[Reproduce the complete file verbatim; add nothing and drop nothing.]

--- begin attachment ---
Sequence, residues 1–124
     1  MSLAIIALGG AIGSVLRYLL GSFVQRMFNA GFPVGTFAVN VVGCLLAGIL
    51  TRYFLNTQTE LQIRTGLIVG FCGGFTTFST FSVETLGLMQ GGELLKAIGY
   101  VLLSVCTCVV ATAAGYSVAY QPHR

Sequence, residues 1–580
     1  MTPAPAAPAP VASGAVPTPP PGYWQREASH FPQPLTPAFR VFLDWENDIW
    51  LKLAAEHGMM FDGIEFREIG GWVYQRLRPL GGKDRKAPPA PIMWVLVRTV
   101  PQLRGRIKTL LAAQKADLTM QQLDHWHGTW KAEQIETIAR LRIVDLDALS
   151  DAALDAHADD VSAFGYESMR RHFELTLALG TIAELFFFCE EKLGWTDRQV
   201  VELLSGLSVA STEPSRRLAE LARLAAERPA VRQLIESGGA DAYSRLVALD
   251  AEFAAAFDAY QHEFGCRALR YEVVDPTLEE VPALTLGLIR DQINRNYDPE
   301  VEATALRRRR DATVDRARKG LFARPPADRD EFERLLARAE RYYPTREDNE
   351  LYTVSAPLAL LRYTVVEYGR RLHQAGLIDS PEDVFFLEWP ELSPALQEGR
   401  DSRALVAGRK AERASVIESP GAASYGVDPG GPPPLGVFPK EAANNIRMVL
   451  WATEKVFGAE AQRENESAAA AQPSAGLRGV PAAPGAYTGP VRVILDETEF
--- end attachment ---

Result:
Sequence, residues 1–124
     1  MSLAIIALGG AIGSVLRYLL GSFVQRMFNA GFPVGTFAVN VVGCLLAGIL
    51  TRYFLNTQTE LQIRTGLIVG FCGGFTTFST FSVETLGLMQ GGELLKAIGY
   101  VLLSVCTCVV ATAAGYSVAY QPHR

Sequence, residues 1–580
     1  MTPAPAAPAP VASGAVPTPP PGYWQREASH FPQPLTPAFR VFLDWENDIW
    51  LKLAAEHGMM FDGIEFREIG GWVYQRLRPL GGKDRKAPPA PIMWVLVRTV
   101  PQLRGRIKTL LAAQKADLTM QQLDHWHGTW KAEQIETIAR LRIVDLDALS
   151  DAALDAHADD VSAFGYESMR RHFELTLALG TIAELFFFCE EKLGWTDRQV
   201  VELLSGLSVA STEPSRRLAE LARLAAERPA VRQLIESGGA DAYSRLVALD
   251  AEFAAAFDAY QHEFGCRALR YEVVDPTLEE VPALTLGLIR DQINRNYDPE
   301  VEATALRRRR DATVDRARKG LFARPPADRD EFERLLARAE RYYPTREDNE
   351  LYTVSAPLAL LRYTVVEYGR RLHQAGLIDS PEDVFFLEWP ELSPALQEGR
   401  DSRALVAGRK AERASVIESP GAASYGVDPG GPPPLGVFPK EAANNIRMVL
   451  WATEKVFGAE AQRENESAAA AQPSAGLRGV PAAPGAYTGP VRVILDETEF